The panel known by its French acronym, CMIL, decided over the weekend that it will still acknowledge cases of "remarkable" healing, but leave it up to the Church to decide whether they make the cut as miracles, Dr Theillier said, according to an International Herald Tribune report.
Dr Theillier said on Wednesday the move amounts to a call for the Church to update its centuries-old criteria about miracles.
"It's a sort of rebellion, if you will, against laws that don't concern us, and shouldn't," Dr Theillier said in a telephone interview.
"The medical corps must be independent of the ecclesiastic power."
"Before, what we presented to the Church was a gift all wrapped up and all the Church had to say was 'I approve,' without making a lot of effort," said Theillier, referring to the question of judging miracles.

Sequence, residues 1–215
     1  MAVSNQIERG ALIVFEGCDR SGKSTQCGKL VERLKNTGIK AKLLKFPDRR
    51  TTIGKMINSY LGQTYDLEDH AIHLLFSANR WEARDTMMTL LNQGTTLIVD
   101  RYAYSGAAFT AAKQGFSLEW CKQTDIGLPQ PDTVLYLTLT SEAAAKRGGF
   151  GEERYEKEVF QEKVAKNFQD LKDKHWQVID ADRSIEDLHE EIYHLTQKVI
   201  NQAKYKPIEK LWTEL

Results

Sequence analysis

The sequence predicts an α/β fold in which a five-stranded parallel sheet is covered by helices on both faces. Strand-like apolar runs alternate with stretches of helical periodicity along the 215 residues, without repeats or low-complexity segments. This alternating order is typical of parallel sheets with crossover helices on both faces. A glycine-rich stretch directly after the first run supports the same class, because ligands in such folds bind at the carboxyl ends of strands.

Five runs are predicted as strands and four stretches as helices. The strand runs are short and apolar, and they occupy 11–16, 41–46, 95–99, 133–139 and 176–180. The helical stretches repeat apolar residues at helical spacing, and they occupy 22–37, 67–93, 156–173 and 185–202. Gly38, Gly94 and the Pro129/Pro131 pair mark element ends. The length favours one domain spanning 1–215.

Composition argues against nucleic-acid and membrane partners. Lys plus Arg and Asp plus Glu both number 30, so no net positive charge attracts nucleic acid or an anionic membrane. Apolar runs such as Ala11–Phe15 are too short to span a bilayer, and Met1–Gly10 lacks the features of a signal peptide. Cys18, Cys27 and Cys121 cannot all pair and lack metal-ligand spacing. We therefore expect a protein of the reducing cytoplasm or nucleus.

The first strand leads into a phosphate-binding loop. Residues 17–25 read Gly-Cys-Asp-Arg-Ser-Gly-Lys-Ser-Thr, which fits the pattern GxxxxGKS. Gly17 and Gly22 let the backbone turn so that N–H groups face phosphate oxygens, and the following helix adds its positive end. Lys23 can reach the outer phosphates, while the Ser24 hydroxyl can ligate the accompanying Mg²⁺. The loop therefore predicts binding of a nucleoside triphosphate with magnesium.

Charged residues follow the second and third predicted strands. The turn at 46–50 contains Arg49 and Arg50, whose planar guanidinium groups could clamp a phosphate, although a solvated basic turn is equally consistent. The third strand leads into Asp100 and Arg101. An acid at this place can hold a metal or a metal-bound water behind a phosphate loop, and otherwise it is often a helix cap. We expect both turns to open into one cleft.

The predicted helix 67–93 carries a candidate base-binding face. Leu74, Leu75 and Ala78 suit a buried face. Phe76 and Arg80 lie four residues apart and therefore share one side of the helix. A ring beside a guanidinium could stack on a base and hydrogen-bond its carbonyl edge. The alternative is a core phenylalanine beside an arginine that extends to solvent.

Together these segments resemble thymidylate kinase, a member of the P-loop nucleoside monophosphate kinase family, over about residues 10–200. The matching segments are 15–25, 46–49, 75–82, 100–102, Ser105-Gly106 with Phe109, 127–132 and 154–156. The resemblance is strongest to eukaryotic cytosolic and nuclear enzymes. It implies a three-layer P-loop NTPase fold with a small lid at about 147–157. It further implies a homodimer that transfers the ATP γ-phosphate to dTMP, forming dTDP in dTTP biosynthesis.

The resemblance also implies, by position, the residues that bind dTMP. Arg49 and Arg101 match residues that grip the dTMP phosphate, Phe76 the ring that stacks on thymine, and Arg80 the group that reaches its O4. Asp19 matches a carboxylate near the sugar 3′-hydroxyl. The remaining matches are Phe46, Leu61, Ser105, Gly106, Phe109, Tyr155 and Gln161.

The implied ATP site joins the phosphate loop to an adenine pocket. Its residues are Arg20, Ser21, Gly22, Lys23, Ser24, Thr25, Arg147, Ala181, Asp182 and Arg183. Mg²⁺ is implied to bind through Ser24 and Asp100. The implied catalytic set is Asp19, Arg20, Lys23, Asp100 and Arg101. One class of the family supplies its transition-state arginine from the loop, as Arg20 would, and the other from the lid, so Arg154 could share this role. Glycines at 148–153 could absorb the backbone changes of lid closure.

He said the decision also grew out of a recent recognition within the medical community about its limits to diagnose and cure diseases or injuries compared to its mindset in the mid-to-late 20th century.
"The medical community isn't as sure of itself as it was 20 or 30 years ago," he said.
Back then, it was "much more triumphalist, and thought it knew everything before new illnesses cropped up to debunk that idea," he said.
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